Get on a plane to Riyadh, Saudi Arabia. Rent a house, find a job, settle in. Learn Arabic, make friends, spend years in the country. Still, you will never get as full a glimpse into the lives of young urban Saudi women as you will from reading Rajaa AlSanae’s novel, Girls of Riyadh, published in English this month by Penguin.

Written by a young 20-something Saudi woman, now studying dentistry in Chicago, the book was first published in Lebanon in Arabic (Banat Ar-Riyadh) in 2005, evoking a firestorm of debate and criticism around the Arab world and, of course, in Saudi Arabia, where it was originally banned and where a group of Saudi citizens filed suit against the author for slandering Saudi society.

For ReligionWriter, who recently spent two years living in Muscat, Oman, the details of life on the Saudi peninsula were perfectly evoked: the elaborate sex-segregated wedding celebrations, the text-messaging-based culture of the young urban elite, the desperate practice of young men “numbering” young women (i.e. throwing their phone numbers at women they glimpse but are unable to socialize with because of social norms.) But because the book’s author is a Saudi woman herself, the book brings the reader far past the Lonely Planet-type descriptions of cultural context: Al-Sanea shares with us the story of four young women as they search for love in a culture where family-approved marriage often wins the day.

(Left: The book’s Arabic edition, with an inset of the author. Note the culturally appropriate emoticons at the bottom.)

The stories themselves are as entertaining, if not more so, than any episode of “Sex in the City.” One character is married off to a successful young Saudi living in the U.S., who, it turns out, is in love with an Asian-American woman his family forbid him from marrying. Two other characters fall in love with men unable to buck their families insistence that they marry a certain kind of girl — that is, one from the “right” family with the “right” reputation. At moments, the reader might feel like they are reading about Western culture in an earlier era, when being divorced was a stigma a woman could almost never live down, when a young adult woman with no parents was forced to move in with relatives rather than risk the “scandal” of living alone.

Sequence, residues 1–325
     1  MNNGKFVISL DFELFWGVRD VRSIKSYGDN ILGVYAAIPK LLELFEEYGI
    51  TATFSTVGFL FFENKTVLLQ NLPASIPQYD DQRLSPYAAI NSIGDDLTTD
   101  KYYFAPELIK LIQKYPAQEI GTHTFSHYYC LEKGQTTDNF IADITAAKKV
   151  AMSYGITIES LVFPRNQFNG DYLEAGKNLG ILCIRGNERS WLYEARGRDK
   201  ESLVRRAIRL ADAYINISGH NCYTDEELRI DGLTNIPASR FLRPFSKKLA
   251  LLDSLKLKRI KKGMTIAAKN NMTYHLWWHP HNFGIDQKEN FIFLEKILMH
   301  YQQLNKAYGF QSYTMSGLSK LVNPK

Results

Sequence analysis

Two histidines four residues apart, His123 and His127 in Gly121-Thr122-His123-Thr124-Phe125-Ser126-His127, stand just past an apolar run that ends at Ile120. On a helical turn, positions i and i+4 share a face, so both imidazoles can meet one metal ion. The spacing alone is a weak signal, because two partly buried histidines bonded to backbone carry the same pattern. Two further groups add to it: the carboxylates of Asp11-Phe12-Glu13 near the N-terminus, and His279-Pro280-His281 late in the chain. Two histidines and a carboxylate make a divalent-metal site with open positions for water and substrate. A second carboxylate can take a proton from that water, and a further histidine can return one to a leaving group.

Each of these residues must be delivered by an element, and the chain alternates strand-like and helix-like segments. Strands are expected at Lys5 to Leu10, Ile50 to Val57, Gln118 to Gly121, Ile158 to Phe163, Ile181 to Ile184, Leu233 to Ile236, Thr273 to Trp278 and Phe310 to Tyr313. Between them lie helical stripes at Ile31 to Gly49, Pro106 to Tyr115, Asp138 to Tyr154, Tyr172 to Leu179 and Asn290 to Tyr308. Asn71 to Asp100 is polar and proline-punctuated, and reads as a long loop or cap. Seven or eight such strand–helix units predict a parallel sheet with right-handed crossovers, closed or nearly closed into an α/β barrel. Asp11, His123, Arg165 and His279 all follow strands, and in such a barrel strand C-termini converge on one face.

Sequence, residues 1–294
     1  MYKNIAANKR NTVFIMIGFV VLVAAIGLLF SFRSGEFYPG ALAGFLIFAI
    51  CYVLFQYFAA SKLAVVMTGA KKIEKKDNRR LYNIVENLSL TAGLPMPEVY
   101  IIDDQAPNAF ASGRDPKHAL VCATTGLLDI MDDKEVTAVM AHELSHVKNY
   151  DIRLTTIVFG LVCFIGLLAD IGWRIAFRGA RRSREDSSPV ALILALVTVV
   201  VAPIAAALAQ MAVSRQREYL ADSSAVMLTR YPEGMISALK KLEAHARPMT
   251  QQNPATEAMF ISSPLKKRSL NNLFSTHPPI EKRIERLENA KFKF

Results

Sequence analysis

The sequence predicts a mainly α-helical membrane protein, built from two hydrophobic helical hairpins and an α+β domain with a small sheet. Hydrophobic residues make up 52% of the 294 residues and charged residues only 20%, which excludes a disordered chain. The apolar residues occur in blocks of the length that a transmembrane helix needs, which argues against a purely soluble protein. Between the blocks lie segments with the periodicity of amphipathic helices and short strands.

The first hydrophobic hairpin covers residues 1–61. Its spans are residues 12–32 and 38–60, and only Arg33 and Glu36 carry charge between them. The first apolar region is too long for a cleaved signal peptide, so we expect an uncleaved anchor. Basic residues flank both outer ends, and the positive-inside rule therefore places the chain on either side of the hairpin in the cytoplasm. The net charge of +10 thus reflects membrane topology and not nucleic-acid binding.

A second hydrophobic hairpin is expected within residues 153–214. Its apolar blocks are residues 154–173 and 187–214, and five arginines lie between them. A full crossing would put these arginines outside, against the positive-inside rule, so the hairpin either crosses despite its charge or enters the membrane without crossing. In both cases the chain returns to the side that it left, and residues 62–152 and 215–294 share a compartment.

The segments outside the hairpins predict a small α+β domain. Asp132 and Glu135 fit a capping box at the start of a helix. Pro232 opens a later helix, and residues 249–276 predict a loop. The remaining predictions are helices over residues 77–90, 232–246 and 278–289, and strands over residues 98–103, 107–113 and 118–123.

But more than anything the stories evoke the timeless story of Romeo and Juliet — two lovers separated in no uncertain terms by their determined families. That story’s romance lies in the commitment both characters have to their love and their vision of living out that love in real life. In AlSanea’s stories, however, Romeo appears sadly lacking in such a commitment. AlSanea portrays most, though not all, of the young Saudi men in her book as, in the words of one of the female protagonists, “passive and weak.” This woman, Mashael, who dumped the love of her life when he confessed that his mother disapproved of their romance and would not allow them to marry, had this to say of Saudi men:

They are slaves to reactionary customs and ancient traditions even if their enlightened minds pretend to reject such things! That’s the mold for all men in this society. They’re just pawns their families move around on the chessboard!

But the book is not without hope: one character, at least, is married to a Saudi man who loves and respects her. And while some critics have savaged the book’s main characters, saying these upper-class young women seek only the frivolity of passionate love, the author suggests that love is a force powerful enough to change a society so resistant to change.

For a Western audience, the book is a first-of-its kind, and its value lies in introducing readers to this unfamiliar world that is surprisingly familiar. As the author writes in her forward to the English edition:

I hope by the time you finish this book, you will say to yourself: Oh, yes. It is a very conservative Islamic society. The women there do live under male dominance. But they are full of hopes and plans and determination and dreams. And they fall deeply in and out of love just like women anywhere else.

Related elsewhere: “‘Girls of Riyadh’ spurs rush of Saudi novels,” Reuters, June 23, 2007


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